— Delegates urge policymakers at 2019 African Economic Conference
Africa must work as one to turn the continent’s ‘youth bulge’ into opportunities, delegates at the closing of the 2019 African Economic Conference said on Wednesday.
The three-day conference in Sharm El Sheikh, Egypt, discussed initiatives for boosting entrepreneurship, improving the business ecosystem, access to capital and better infrastructure – all to create decent jobs for the continent’s unemployed and under-employed youth.
Hanan Morsy, Director of Macroeconomic Forecasting and Research at the African Development Bank, underscored the importance of gainful and decent employment for the bulge of African youths seeking jobs or keen to set up their own businesses.
“At the African Development Bank, we recognize that addressing the problem is not an easy task that a single organization or country could accomplish alone. It needs a concerted effort,” Morsy said.
“It needs governments to work together and share experiences; international organizations to join hands, the private sector to work with policymakers, the youth to voice their concerns, and researchers to share policy-relevant evidence that will inform policies.”
The 2019 conference, hosted by the African Development Bank in partnership with the United Nations Development Program (UNDP) and the United Nations Economic Commission for Africa (ECA), brought together government ministers, researchers, young entrepreneurs and civil society to explore ways to boost jobs and skills for Africa’s youth.
Angela Lusigi, Strategic Advisor at the UNDP urged decision-makers to prepare for a changing demography and the impacts of a changing climate to create a brighter future for the continent.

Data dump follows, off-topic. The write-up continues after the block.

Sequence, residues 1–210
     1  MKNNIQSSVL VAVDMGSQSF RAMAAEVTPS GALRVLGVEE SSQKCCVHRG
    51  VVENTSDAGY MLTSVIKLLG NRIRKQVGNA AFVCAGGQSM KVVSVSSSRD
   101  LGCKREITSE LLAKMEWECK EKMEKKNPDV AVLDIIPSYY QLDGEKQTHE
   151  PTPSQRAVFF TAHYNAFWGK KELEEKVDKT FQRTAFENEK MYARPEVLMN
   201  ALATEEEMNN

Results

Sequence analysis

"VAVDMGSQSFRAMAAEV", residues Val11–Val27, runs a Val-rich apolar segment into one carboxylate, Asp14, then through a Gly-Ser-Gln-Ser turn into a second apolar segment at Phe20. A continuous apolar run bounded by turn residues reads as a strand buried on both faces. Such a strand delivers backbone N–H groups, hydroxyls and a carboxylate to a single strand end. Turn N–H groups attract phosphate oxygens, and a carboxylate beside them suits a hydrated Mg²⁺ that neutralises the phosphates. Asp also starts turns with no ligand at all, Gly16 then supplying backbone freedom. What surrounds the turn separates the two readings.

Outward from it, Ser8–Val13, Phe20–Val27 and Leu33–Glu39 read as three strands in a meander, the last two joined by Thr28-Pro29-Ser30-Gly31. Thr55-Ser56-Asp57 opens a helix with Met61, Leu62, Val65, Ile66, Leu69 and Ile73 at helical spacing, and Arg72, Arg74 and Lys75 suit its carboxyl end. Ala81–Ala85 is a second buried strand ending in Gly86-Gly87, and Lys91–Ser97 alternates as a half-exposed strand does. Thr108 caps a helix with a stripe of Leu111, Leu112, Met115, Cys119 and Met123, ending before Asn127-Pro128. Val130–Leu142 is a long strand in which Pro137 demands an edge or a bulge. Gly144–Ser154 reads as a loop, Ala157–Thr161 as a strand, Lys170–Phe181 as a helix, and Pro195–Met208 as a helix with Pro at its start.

“We have to anticipate and leverage the shift that we know are going to happen in terms of our demography, our climate and our people’s movements and together we can reimagine a different future of Africa,” Lusigi said.
Reform of the education system is crucial, she said. “Let’s think deeper. We want to know what works in the African context. All our education systems have to look at creating future oriented skills because the solutions we have today will not work tomorrow.”
Adam Elhiraika, Director, Macroeconomics and Governance Division at the ECA, urged young people to work across borders and contribute to integration of the continent at regional and national levels. “Creating one Africa is the most important step we can take to create better opportunities for all Africans,” he said.
“The opportunities we had here is just the beginning for all of you to influence policy makers and influence ideas and actions by youths to help create jobs for Africans. It is a unique opportunity.”
One of the highlights of this year’s conference was a session for young African entrepreneurs to share their work and ideas to shape the future of the continent.
Fahad Awadh, co-founder of YYTZ Agro-Processing, a Tanzania-based cashew production business, said: “By improving the business environment, we will be able to drive growth and value creation, leading to job creation. It is the youth that will create the jobs that are needed on the continent.”
Sobel Aziz Ngom, another young entrepreneur and founder of Social Change Factory in Senegal, commented: “There is no way we can achieve important national results in terms of education and work for young people, if all keys actors do not collaborate and align their investments, programs and practices.”